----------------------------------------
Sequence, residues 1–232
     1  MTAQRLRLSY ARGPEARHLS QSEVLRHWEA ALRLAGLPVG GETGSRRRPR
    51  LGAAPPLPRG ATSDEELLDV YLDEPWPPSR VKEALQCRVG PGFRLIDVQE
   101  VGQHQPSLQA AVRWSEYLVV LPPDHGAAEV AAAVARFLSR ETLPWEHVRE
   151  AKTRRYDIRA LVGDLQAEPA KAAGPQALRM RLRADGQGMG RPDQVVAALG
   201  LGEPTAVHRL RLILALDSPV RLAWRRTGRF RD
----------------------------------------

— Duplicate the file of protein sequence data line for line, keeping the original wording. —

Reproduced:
Sequence, residues 1–232
     1  MTAQRLRLSY ARGPEARHLS QSEVLRHWEA ALRLAGLPVG GETGSRRRPR
    51  LGAAPPLPRG ATSDEELLDV YLDEPWPPSR VKEALQCRVG PGFRLIDVQE
   101  VGQHQPSLQA AVRWSEYLVV LPPDHGAAEV AAAVARFLSR ETLPWEHVRE
   151  AKTRRYDIRA LVGDLQAEPA KAAGPQALRM RLRADGQGMG RPDQVVAALG
   201  LGEPTAVHRL RLILALDSPV RLAWRRTGRF RD